Interior designer, Diego Alejandro Rincon, of Diego Alejandro Design, New York creates inspirational designs for his clients and helps fight AIDS at “Postcards from the Edge”
On Saturday January 26, 2013 one of the many individuals you’ll see waiting near the front of the line outside the Sikkema Jenkins & Co. gallery in Chelsea will be Colombian born architect, now turned interior designer Diego Alejandro Rincon. He’s there, because at 10am the doors open to the 15th annual Postcards from the Edge Benefit in support of Visual AIDS. Visual AIDS is the only contemporary arts organization fully committed to HIV prevention and AIDS awareness through producing and presenting visual art projects, while assisting artists living with HIV/AIDS
Since 1998, the organization has produced the annual Postcards From The Edge exhibition and benefit sale of original, postcard-sized works on paper by established and emerging artists.
Since attending his first sale in 2010, interior designer, Diego Rincon, found such inspiration in the works of hundreds of artists that come together to support this organization that it’s become his signature touch in all of his interior design projects. Most recently, he debuted one of his most ambitious uses of this unique art as part of his interior design of a South Beach residence — creating a work of art within a work of art by perfectly aligning over 30 individual pieces and incorporating interesting uses of negative space to create a dramatic entry gallery.
But getting his hands on his favorite pieces each year takes a lot of preparation, planning and sometimes even a friendly elbow push. It all starts the night before during the preview exhibit, where no matter who you are, you can only look, not buy. So you’ll find Diego ignoring the cocktails and social scene, and instead meticulously inspecting each of the over 1,500 submitted pieces. He carefully photographs his favorites, and goes back around again and again. As he says, “The exhibit can feel overwhelming, and it’s easy to miss a great piece on those vast walls of art, so I review them again and again to make sure I’ve given each piece the attention it deserves.” Ultimately, he can end up leaving the preview exhibit with photos of 100 or more favorites. So that night he continues to curate his collection to cull down his favorites to a more manageable number.
On Saturday morning, several hours before the sale opens, the first would-be buyers including Diego begin to arrive and patiently begin the wait. Diego uses this time to continue evaluating his selects and deciding which are must haves and therefore require quick action. At 10am the doors open and the race is on. It’s all first come first serve. So you’ve got to decide quickly and make a yes/no buying decision right away. Diego knows to immediately find one of the many volunteers and quickly begin making his selects. As the tag for each selection is pasted on his buy form, he’s carefully scanning the room for anyone who might be threatening to take one of his other beloved selects before he gets to it. Once his true favorites are safely in his hands, he finally begins to relax a bit and starts to take a fresh look at the pieces that have yet to be claimed. Every year he’s surprised to find even more favorites that he somehow missed during his meticulous pre-planning.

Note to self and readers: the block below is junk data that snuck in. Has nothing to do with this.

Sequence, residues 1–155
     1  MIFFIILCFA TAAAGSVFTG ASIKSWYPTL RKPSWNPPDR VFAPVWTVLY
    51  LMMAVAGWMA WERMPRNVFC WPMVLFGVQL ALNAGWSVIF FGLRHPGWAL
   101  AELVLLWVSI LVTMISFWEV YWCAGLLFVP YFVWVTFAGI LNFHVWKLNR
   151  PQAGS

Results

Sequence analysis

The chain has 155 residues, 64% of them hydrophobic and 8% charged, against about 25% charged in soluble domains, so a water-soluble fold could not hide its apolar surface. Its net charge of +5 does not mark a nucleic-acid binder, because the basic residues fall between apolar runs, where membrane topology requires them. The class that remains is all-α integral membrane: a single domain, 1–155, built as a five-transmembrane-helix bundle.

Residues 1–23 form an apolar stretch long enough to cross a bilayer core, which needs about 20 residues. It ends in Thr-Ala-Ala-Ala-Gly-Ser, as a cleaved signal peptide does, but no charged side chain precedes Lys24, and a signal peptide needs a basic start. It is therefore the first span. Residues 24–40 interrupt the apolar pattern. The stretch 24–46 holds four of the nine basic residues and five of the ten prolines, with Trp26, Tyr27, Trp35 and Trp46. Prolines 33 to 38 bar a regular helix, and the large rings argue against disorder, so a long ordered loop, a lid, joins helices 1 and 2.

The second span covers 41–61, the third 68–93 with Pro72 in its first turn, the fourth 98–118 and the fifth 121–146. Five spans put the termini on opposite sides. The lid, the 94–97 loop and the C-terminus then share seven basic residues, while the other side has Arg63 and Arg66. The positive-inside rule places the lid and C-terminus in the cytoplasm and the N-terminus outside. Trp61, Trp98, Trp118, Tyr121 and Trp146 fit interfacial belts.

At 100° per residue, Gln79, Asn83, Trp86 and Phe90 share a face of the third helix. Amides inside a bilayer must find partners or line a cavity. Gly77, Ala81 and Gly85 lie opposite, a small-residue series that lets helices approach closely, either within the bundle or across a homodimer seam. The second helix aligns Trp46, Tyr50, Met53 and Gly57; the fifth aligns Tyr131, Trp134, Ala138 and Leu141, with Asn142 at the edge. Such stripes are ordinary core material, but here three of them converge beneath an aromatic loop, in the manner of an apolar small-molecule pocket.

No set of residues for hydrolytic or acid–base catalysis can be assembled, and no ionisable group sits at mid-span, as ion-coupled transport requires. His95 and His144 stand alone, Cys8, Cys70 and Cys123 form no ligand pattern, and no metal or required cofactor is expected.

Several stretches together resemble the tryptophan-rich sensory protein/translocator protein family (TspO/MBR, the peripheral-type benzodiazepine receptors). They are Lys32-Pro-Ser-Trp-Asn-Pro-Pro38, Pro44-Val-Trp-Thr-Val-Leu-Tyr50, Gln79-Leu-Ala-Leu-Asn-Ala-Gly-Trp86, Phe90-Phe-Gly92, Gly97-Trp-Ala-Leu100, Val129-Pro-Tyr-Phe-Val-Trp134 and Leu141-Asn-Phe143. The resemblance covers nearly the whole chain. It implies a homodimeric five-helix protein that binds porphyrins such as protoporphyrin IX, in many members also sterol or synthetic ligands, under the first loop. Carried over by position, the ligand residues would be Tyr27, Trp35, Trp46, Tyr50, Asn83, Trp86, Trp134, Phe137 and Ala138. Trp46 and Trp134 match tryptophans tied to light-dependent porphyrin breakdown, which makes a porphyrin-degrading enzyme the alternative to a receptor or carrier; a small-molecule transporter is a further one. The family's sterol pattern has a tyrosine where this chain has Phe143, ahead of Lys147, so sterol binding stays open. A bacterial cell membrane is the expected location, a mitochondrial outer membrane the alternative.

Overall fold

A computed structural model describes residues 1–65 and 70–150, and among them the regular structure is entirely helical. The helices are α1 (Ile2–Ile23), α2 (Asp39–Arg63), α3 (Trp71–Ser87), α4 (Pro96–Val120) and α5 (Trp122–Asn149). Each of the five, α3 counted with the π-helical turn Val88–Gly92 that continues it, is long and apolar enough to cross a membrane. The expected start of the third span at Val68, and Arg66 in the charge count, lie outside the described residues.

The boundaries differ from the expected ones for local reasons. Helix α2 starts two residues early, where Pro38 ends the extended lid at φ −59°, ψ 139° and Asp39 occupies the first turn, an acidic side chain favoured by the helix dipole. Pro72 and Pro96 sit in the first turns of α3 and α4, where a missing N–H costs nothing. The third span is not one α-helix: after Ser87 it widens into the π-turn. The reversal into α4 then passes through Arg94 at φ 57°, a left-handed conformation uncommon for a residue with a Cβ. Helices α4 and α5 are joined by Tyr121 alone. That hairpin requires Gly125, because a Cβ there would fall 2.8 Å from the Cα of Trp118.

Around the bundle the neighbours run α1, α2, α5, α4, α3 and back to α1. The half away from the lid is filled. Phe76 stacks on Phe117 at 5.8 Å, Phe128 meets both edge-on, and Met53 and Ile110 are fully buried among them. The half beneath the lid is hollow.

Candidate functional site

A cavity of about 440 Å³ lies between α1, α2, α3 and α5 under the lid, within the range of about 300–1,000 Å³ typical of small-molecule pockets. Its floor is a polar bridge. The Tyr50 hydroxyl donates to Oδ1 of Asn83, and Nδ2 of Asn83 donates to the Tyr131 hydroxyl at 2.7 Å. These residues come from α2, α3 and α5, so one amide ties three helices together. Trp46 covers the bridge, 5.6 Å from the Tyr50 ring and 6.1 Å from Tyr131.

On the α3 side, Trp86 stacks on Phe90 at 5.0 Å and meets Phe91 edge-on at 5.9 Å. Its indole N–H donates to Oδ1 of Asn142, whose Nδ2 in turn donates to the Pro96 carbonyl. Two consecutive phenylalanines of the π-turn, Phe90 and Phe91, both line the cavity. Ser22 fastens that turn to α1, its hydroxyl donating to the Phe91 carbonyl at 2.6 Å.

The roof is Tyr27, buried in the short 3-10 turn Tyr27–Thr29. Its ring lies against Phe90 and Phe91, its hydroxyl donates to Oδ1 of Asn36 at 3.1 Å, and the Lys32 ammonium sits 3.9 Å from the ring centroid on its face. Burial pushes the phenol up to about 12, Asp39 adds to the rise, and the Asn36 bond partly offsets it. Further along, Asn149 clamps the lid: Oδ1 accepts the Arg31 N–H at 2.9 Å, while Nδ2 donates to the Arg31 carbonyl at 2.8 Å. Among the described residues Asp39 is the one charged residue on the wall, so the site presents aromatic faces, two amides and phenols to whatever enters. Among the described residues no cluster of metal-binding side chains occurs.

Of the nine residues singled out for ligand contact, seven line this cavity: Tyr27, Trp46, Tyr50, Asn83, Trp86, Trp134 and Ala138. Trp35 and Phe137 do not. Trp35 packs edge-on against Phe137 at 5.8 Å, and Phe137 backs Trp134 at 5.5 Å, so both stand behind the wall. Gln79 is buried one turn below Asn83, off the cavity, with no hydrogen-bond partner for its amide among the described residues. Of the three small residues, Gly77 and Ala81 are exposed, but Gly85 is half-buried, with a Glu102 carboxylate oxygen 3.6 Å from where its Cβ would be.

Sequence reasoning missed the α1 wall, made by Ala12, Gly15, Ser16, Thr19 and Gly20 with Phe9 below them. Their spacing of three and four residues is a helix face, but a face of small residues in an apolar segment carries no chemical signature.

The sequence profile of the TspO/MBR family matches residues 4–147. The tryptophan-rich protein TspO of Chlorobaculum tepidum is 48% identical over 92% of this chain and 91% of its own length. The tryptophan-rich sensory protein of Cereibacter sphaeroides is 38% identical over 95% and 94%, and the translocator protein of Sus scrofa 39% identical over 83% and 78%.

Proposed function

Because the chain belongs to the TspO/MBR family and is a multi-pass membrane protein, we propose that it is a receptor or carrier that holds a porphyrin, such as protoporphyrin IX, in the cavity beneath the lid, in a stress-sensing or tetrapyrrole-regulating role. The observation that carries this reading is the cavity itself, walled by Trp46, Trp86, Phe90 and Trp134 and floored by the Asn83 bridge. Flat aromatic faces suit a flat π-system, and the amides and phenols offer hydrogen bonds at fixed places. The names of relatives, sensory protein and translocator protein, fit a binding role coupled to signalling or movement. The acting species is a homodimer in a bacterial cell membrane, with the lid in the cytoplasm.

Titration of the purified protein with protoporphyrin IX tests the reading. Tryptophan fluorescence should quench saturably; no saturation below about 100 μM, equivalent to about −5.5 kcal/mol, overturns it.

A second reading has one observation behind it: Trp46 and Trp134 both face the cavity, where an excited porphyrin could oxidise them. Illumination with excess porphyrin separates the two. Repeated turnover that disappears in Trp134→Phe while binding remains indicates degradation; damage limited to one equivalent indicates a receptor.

Ultimately, he’s likely to end the day with 30, 40 or 50 pieces purchased. And he may even return the next day for one final walk through. At his Flatiron deign studio he opens each piece, where the name of the artist along with information on the piece or their inspiration is finally revealed. Often the descriptions are truly touching and especially moving as the artist recounts a personal story about the impact AIDS has had on their life or the life of a loved one. But each piece is now destined for just the perfect place, in the perfect combination for his current interior design projects. Of course, there’s always more than one personal favorite that he simply won’t part with that ends up in a special place in his home.